More to the point, Borglum had found himself. “I saw that love was possible. Now my job was to find that love in myself and bring it to the people around me.”
After a stint as a vegetarian chef and as the manager of a musical group, Borglum along with Ram Dass and Levine established the Hanuman Foundation, a non-profit based in Santa Fe, N.M. The foundation’s “The Dying Center,” as it was called, “was the first residential facility in the United States to support conscious dying,” Borglum said.
Currently the executive director of the Living/Dying Project headquartered in Marin County, Borglum, it’s safe to say, has a different take on dying than most of us. Rather than being some horrible thing we must all endure because we are mortal, he says it’s an opportunity to realize that our true essence isn’t physical but spiritual — and that the spirit survives death.
We’re not bodies, in other words, we’re energy. We’re not separate from other people and other life forms. We’re all one.
More than once in last week’s interview, Borglum emphasized the spiritual aspect of dying.
“Until you come into intimate contact with death, all of your meditation practices, all your spiritual practices, will have the quality of you being a dilettante. You can meditate until your knees fall off, but until you know you will die you’re just working around the edges.”
Borglum, it should be made clear, isn’t sugarcoating the dying process. “I’m not saying we don’t have illness, or [that people who are dying] are not anxious, or confused or that they’re not in pain,” he emphasized.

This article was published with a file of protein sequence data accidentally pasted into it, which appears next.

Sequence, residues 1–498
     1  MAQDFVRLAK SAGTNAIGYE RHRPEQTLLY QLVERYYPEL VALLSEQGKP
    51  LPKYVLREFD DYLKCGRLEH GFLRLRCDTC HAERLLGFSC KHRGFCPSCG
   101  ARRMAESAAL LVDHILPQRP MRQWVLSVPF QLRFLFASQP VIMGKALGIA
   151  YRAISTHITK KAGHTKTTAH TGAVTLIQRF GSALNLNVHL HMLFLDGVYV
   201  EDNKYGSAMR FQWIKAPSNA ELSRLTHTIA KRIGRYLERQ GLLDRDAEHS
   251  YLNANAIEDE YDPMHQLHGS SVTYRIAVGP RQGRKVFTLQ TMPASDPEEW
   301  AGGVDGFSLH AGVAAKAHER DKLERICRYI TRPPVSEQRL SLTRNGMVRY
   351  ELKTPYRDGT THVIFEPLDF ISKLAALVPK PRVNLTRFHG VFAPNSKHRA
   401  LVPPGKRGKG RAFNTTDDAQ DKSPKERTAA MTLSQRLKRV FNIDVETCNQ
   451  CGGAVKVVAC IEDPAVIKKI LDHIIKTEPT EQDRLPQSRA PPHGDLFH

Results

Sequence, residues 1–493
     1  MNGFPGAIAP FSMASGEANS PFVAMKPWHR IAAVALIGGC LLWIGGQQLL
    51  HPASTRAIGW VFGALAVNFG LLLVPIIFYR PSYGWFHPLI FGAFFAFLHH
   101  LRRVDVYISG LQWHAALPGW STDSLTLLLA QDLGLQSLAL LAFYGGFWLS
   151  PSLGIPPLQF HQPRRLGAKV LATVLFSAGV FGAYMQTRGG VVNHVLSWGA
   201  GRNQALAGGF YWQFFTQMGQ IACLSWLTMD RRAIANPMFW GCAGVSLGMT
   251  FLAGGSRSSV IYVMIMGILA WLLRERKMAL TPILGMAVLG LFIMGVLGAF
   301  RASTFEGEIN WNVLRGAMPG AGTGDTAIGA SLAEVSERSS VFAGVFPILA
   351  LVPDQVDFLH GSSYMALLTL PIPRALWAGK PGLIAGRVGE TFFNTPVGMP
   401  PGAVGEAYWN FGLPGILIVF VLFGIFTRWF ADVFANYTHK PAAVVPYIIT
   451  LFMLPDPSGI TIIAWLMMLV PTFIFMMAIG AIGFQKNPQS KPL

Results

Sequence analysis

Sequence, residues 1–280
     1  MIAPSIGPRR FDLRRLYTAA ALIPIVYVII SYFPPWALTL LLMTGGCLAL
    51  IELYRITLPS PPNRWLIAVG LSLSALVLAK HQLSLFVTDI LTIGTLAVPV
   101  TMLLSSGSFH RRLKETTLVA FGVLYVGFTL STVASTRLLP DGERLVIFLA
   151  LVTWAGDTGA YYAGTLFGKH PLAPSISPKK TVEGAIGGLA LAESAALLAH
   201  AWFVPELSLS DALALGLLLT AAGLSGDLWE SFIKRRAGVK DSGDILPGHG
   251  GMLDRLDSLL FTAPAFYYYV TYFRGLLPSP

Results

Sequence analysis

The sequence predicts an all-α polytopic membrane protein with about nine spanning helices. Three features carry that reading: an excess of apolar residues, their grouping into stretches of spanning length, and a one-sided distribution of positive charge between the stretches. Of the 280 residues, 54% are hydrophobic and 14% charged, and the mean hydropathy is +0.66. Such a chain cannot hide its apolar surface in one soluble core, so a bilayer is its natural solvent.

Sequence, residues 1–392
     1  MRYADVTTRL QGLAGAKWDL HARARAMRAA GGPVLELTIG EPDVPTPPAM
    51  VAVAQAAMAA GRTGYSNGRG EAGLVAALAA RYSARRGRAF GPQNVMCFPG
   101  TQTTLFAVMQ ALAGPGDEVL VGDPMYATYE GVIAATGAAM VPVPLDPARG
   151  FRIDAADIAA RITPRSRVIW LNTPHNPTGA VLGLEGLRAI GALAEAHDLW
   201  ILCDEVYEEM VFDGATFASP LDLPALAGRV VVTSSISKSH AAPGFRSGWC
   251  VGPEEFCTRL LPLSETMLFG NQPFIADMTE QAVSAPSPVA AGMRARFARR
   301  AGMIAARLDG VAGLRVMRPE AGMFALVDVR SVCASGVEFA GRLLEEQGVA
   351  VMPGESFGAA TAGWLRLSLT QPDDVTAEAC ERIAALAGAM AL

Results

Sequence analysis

But while he’s not ignoring the fact that people who are dying suffer, he is saying that there’s something beyond suffering.
To illustrate his meaning, he used the example of a person who’s on his deathbed and in pain.
“When you have pain that will never go away, then you ask yourself: ‘Who am I? Am I this pain? Or am I something else?’”
Borglum’s answer is that we’re something else. Which means that the pain, as bad as it might be, is something of a paper tiger.
“There’s a difference between pain and suffering. I can relax and feel a painful sensation but not suffer. It’s not pain but resistance to pain that causes suffering,” Borglum explained.
Given that perspective, it’s easier to make sense of Borglum’s view that there’s a good side to dying. You can be “writhing in bed in pain [and yet say] ‘I’ve never been better in my life.’”
Why? Because “you realize you’re not a body. You realize [you’re a soul or spirit.]”
In addition to there being something holy about the dying, they are ennobled in another way as well — their suffering can free them of bias.